Controlling the vocabulary is a crucial part of any political debate, and the Israeli-Palestinian conflict, specifically the 1948 exodus -- or one should really say, the 1948 departure -- of Palestinians from Israel, is no exception. A typical formulation, chock-full of code words, appeared in a recent letter to the Boston Globe: "Generations of families living in squalor in refugee camps still await their right to return under international law to their homeland Palestine."Wilson writes a pretty informative piece, one with whose content everyone should be familiar.
Many, including Israeli Prime Minister Netanyahu in his meeting with Obama, have pointed out how the "right to return" would impose an untenable situation for the Israeli democracy. The 860,000 or so who left in 1948 have grown to 4.8 million "registered refugees" living in Jordan, Syria, Lebanon, the West Bank, and the Gaza Strip. Of this number, 1.4 million are "RRCs" -- registered refugees in camps. An influx of this magnitude, added to the 1.2 million Israeli Muslims, would create a Muslim population of 6 million, outnumbering Israel's 5.6 million Jews, potentially turning Israel into a sharia state. In other words, whatever "right to return under international law" may be asserted, as Netanyahu said, "it's never going to happen."
Describing Palestinians as "refugees" living in "refugee camps" is a further example of politicized word choice. The original group of Palestinians in 1948 left their homes in the face of an impending aggression by Arab countries and moved into canvas tents with primitive sanitation. Regardless of arguments about whether Israeli Palestinians "fled" or, as Noam Chomsky would have it, were pushed out by a campaign of ethnic cleansing, this original group can rightly be called refugees. However, to continue to call their descendants refugees sixty-three years later, as Obama did in his Middle East/North Africa speech, distorts the truth of their situation.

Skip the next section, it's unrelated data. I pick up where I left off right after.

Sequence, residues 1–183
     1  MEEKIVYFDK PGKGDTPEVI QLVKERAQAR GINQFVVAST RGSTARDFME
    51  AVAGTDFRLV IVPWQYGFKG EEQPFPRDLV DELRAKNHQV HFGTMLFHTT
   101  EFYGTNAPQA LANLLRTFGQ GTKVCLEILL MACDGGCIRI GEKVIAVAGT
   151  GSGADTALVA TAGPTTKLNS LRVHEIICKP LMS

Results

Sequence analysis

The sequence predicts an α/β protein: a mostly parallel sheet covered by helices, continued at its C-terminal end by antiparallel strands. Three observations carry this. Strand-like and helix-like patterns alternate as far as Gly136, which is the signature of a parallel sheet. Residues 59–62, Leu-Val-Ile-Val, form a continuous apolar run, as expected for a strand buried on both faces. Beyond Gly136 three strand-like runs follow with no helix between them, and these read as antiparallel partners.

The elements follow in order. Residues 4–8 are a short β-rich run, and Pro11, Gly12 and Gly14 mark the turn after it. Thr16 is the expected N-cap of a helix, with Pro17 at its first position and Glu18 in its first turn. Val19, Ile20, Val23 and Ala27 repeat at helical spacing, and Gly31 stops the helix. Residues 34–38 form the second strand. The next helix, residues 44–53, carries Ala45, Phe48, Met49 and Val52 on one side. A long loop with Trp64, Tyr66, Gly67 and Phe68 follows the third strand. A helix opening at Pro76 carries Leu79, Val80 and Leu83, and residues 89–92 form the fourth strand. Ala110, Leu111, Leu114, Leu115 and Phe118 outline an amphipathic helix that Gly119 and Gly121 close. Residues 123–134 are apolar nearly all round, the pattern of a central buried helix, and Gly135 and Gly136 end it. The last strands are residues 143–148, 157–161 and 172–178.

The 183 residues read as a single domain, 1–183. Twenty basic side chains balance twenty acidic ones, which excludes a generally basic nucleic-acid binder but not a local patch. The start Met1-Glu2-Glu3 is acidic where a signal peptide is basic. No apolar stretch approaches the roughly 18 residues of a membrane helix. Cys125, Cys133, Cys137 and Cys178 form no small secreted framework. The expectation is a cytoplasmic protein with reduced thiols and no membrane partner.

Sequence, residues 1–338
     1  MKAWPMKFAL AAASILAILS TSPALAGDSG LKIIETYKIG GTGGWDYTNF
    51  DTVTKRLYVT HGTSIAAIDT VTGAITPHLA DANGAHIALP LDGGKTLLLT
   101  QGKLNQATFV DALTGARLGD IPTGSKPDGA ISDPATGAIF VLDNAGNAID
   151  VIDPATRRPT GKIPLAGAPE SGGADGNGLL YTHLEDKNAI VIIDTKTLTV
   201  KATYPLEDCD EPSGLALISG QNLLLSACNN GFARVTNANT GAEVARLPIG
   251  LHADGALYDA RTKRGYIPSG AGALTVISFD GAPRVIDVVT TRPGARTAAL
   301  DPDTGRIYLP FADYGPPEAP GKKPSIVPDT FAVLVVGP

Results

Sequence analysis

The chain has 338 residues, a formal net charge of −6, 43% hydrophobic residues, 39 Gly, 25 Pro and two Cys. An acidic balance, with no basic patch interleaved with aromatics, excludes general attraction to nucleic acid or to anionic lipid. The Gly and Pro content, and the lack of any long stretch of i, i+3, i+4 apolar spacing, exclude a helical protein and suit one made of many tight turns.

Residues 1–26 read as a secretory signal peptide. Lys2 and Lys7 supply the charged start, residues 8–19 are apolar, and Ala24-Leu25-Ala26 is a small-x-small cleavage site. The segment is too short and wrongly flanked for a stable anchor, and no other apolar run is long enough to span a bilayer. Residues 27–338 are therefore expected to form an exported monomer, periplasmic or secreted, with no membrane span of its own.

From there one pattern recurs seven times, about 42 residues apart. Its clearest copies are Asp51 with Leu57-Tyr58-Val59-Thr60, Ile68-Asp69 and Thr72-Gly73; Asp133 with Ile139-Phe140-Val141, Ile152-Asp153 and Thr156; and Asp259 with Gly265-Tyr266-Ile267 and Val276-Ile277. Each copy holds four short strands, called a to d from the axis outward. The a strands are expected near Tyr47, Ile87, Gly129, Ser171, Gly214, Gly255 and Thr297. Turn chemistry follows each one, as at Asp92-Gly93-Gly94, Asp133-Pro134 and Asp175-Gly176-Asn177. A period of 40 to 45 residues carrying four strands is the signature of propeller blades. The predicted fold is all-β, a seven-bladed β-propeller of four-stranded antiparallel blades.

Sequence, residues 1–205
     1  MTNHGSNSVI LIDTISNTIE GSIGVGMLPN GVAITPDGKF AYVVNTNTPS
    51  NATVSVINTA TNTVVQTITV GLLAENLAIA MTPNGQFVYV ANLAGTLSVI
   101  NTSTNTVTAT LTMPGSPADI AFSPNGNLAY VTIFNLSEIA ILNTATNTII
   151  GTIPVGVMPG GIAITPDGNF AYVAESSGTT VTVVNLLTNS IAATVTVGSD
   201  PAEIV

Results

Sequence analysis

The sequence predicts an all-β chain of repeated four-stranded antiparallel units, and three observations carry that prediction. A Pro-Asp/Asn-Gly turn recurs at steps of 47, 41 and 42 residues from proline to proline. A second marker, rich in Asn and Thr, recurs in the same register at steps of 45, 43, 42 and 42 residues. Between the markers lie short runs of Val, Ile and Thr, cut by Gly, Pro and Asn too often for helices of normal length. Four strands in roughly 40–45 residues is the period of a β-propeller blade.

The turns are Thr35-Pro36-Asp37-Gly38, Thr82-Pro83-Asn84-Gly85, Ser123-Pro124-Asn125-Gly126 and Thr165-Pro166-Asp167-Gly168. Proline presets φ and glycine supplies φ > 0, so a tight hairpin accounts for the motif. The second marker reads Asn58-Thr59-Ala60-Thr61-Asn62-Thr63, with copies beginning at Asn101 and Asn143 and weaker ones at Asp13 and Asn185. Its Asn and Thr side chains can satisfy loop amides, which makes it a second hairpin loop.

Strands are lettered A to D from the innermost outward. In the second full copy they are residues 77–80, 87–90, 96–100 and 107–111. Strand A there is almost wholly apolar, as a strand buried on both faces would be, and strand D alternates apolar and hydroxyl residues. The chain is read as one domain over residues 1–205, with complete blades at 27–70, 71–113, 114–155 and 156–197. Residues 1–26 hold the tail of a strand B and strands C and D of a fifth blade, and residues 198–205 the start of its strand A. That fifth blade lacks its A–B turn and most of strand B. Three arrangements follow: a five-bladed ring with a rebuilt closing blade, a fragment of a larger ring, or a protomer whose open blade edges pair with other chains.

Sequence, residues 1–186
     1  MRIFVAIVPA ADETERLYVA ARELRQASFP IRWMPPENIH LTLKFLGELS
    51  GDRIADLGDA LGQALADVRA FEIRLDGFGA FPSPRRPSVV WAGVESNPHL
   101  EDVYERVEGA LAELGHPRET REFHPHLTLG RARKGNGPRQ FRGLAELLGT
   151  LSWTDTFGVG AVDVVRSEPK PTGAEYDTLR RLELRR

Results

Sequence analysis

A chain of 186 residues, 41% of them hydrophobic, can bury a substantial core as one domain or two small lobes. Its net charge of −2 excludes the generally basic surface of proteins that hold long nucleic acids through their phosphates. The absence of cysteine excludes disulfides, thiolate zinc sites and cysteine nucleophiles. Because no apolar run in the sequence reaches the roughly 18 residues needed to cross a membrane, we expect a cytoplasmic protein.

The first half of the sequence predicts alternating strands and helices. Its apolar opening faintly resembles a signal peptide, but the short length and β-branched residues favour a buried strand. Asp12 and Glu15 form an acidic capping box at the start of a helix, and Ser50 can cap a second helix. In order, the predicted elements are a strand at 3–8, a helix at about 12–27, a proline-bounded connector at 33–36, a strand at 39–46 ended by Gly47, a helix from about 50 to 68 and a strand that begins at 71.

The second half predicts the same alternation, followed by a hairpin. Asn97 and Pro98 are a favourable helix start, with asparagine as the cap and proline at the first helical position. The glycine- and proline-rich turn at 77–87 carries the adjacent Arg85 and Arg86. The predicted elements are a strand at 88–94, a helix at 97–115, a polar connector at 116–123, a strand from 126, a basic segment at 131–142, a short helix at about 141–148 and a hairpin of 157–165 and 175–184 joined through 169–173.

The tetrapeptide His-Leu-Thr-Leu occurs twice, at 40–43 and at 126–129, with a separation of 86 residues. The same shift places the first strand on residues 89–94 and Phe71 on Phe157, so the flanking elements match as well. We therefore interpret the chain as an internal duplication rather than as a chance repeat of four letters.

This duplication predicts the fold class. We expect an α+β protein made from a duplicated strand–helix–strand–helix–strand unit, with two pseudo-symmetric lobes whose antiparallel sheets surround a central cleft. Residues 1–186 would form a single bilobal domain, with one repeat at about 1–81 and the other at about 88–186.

Sixty-three years is time enough for three, perhaps four, generations. Imagine the grandchildren or great-grandchildren of Jewish refugees who came to Brooklyn or Brookline after the Holocaust referring to themselves as refugees. My own family includes a number of refugees from the Cambodian killing fields, and my nieces and nephews would never think of claiming refugee status and a right to return to Cambodia.
One cluster of questions that it raised in my mind is one which was implicit in Mr. Netanyahu's sermon to Mr. Obama in their presser: Why is it that the Palestinians are still refugees? There was a roughly equal number of Jews evicted from their homes in Arab countries in 1948 as there were Palestinians who fled from Israel. The Israelis were assimilated into Israel almost immediately, but the Palestinians still live in "camps" segregated from their Arab hosts. Why are the Palestinians still "refugees" but the Israelis are not? Why do not the vast Arab nations assimilate the Palestinians like tiny Israel assimilated Jewish refugees?
Is it that the Arabs really don't care about the Palestinians except insofar as they can be used as a cudgel with which to beat the Israelis over the head?